25 April 2016 at 10.30pm | 2 Comments
During the interval audiences saw several short films featuring interviews with the cast and creative team as well as footage of the opera in rehearsal.
If you missed the screening or simply want to watch them again, here’s another chance to watch the films:
The power of the female in Lucia di Lammermoor:
‘The main themes of this opera are love, death and despair,’ says Katie Mitchell who directs The Royal Opera’s new production of Donizetti’s tragedy.
Mitchell is joined by the cast of her latest production to introduce the story of Lucia – an aristocratic woman who is forced to marry a wealthy landowner after she falls in love with her brother’s enemy.
‘It’s a very demanding, frightening role but it is fantastic', says German soprano Diana Damrau who sings the title role. 'She fights like a man. She does not give up.’
This new production is a feminist take on Donizetti’s opera and focuses the audience’s attention on the central female character.
‘I’m excited to take an opera like Lucia and make it live for women and indeed men today, which gives more sense of the power of the female – as a opposed to being seen as a female without power,’ explains Mitchell.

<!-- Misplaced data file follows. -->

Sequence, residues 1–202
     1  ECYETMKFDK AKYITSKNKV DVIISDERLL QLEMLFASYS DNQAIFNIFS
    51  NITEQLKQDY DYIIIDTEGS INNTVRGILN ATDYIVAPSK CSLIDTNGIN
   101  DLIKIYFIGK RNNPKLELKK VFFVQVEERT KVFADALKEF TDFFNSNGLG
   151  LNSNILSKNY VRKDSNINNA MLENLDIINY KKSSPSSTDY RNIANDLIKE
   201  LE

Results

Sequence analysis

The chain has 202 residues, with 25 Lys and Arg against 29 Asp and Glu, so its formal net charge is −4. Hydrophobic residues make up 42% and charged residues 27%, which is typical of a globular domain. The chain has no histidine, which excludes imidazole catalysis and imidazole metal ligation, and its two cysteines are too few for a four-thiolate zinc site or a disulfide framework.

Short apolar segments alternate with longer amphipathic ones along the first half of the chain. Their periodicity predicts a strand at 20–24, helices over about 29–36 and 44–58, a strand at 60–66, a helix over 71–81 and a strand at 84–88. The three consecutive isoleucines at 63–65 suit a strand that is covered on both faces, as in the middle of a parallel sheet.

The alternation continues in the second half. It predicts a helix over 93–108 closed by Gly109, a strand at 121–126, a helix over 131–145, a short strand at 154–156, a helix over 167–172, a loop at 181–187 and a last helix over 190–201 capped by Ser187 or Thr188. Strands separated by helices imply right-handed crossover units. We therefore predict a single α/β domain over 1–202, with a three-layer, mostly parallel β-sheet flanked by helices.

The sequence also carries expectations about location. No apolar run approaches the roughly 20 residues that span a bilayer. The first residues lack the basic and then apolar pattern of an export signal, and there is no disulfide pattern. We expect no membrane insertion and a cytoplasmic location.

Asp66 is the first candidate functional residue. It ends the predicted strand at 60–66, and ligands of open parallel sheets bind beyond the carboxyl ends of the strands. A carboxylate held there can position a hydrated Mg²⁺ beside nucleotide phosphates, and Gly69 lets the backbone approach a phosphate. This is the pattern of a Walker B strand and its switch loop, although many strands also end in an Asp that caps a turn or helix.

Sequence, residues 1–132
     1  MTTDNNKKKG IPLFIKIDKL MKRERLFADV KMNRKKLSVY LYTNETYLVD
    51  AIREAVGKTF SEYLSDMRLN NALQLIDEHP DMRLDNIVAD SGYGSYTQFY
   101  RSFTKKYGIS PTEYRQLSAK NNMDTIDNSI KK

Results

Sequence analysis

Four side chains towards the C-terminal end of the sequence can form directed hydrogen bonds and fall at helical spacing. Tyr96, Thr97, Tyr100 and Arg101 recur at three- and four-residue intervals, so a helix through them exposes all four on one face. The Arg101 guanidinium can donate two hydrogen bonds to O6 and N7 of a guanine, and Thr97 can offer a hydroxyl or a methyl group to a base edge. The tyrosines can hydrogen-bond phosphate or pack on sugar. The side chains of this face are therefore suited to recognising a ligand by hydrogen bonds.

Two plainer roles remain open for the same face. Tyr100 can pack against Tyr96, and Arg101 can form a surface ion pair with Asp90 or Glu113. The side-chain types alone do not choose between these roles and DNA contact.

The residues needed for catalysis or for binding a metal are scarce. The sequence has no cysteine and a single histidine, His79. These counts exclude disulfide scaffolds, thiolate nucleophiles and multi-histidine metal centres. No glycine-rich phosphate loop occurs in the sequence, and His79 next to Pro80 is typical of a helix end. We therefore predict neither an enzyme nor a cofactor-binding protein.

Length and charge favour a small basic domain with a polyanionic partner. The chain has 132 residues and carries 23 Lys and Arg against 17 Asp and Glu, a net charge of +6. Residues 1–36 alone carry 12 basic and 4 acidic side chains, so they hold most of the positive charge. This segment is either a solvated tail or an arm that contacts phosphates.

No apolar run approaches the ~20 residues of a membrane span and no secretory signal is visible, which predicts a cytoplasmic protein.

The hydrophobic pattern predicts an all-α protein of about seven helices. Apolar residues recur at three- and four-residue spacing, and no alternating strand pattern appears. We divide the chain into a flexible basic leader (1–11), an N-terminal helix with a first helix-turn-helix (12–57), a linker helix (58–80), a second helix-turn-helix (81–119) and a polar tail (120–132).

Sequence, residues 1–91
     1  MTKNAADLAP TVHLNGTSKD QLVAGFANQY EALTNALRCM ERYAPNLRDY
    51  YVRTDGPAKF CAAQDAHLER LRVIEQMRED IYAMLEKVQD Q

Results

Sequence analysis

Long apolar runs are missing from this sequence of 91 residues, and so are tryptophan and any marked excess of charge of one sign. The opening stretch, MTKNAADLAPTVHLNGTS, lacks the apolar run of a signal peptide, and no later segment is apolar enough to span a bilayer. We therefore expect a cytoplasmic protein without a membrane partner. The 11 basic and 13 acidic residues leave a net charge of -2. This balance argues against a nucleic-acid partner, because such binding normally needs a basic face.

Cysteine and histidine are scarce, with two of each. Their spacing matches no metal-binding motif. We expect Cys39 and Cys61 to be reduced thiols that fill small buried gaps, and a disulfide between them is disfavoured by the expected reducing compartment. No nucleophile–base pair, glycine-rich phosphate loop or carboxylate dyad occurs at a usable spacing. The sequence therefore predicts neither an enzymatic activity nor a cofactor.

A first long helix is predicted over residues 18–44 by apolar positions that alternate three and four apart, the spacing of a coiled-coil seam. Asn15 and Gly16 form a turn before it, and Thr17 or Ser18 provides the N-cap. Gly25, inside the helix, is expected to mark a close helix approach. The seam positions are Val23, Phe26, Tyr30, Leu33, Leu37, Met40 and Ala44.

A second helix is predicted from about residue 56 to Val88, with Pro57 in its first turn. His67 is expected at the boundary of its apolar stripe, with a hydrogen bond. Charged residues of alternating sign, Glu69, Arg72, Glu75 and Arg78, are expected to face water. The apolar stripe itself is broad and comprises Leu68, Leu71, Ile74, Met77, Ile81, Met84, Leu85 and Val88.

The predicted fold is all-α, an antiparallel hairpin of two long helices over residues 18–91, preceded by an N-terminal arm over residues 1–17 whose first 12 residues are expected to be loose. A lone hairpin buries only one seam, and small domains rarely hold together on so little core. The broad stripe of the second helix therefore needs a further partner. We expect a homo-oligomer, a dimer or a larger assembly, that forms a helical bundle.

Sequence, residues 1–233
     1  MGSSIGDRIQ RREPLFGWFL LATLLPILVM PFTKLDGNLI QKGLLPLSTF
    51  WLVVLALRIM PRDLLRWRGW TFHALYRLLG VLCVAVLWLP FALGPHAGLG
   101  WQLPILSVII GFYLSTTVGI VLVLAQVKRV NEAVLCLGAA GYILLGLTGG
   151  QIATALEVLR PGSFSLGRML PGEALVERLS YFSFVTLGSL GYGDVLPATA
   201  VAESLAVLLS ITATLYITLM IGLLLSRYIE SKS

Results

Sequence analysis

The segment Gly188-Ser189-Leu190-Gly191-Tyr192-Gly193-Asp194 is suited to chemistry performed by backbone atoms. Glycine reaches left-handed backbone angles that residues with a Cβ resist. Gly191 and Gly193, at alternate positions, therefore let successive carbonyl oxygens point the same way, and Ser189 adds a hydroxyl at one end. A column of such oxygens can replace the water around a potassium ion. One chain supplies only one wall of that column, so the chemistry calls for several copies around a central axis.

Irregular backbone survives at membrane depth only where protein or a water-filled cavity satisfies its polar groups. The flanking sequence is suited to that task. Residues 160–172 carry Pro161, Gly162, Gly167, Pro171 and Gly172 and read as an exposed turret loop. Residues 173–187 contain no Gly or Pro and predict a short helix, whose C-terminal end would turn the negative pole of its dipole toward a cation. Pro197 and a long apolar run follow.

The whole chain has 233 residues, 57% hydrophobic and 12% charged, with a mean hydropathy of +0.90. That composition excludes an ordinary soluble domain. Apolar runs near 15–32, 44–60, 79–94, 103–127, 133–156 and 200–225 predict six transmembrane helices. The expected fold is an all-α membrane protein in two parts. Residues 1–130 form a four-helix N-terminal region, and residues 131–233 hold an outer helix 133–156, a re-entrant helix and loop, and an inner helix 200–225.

The sound of the ‘mad scene’ – the glass harmonica:
The glass harmonica is the unusual instrument used to create the eerie sound of the ‘mad scene’ – the moment Lucia realizes that she can never be reunited with her lover Enrico.
Glass harmonica player, Philipp Marguerre, shows how the instrument makes its haunting effect.
‘I use still cold, still [tap] water because it produces the best effect. Mineral water doesn’t really work.’ The best tone and dynamic is produced with cold water,’ says Marguerre.
The instrument also known as a ‘bowl organ’ or a ‘hydrocrystalophone’ can play a huge range of notes from a C1 to an E Flat which allows the player to follow melodies or more polyphonic music.
‘Donizetti searched for a sound that could describe Lucia’s madness’, explains Marguerre. ‘For this opera he wanted an uncanny, crazy sound.’
Watch more films like this on the Royal Opera House YouTube channel:
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